The Dire State of U.S. Retirement Planning

There is enough talk about the retirement crisis in the U.S. Today Americans are aware that they might not have sufficient funds for their retirement years, yet they fail to save.

According to estimates, an average retiree would need approximately $1 million in order to enjoy a $5,000 income each month for thirty years. But most 50-year olds in the country have only about $43,000 tucked away for retirement. In addition to this, 45% of the U.S. citizens have absolutely no money in their retirement savings. It doesn’t come as a surprise then that 80% of the citizens in American (30 to 54 year age bracket) will fail to have sufficient money to sail through their retirement years.

Disappearance of pension

As far as retirement safety is concerned, workers have been dependent on large pension plans for several years now. These benefit plans did not require too much direct supervision by the beneficiary. Under these plans, if a worker made a commitment to the firm for a fixed time period, typically 30 years, they could expect consistent payments to help them get through the retirement years.

The bad news is that these pension plans will now be removed and replaced by something known as “defined contribution” like the 401(k) plans. These new plans call for a lot more a diligent planning in order to accomplish retirement goals.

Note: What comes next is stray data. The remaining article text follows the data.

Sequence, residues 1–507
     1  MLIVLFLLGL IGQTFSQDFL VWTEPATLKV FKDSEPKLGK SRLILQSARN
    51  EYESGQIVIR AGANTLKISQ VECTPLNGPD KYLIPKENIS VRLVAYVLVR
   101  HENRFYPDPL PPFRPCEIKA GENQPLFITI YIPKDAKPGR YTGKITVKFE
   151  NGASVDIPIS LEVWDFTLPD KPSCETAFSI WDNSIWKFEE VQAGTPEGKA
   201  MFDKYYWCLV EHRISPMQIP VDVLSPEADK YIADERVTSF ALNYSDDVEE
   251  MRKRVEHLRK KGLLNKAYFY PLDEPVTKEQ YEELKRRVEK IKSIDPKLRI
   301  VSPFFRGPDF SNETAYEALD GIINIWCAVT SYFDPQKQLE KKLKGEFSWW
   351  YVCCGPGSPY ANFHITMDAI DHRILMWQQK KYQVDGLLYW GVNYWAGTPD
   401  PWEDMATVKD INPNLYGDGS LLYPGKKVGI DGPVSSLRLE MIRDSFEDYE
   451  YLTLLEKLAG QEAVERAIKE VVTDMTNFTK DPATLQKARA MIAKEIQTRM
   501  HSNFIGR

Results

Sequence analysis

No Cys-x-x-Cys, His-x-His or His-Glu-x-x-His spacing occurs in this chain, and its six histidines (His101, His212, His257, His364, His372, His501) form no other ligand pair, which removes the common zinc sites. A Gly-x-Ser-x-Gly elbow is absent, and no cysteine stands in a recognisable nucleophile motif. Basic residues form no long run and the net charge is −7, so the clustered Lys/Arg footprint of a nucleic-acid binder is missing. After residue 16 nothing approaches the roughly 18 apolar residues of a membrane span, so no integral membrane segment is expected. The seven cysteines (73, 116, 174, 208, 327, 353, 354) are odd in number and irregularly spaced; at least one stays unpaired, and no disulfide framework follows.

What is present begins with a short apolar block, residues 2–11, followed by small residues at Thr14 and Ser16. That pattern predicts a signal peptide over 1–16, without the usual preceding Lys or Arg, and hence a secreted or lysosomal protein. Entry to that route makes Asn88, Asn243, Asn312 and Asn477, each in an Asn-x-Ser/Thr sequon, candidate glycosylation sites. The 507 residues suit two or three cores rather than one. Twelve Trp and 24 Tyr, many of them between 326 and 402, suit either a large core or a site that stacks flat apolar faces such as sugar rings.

Social security

The purpose of social security isn’t to serve as the primary income source for retirees. Rather, it is meant to add to the cash flow coming in from other retirement income sources. But several people are now reported to be absolutely dependent on social security for income support. Nearly 36% of the citizens in the United States over the age of 65 years depend only on their Social Security to get aid. The bad news is that there is almost no money left in Social Security and it would only probably provide for 77% of the benefits by the year 2034.

Rising healthcare costs

Among the biggest expenses that retirees could anticipate is meeting their healthcare and medical requirements. These expenses are quick to add up and have the power to demolish retirement accounts. Also, there is a prediction that healthcare expenditure will increase by approximately 6% annually and Medicare just provides 62% coverage for the medical expenses of an average American.

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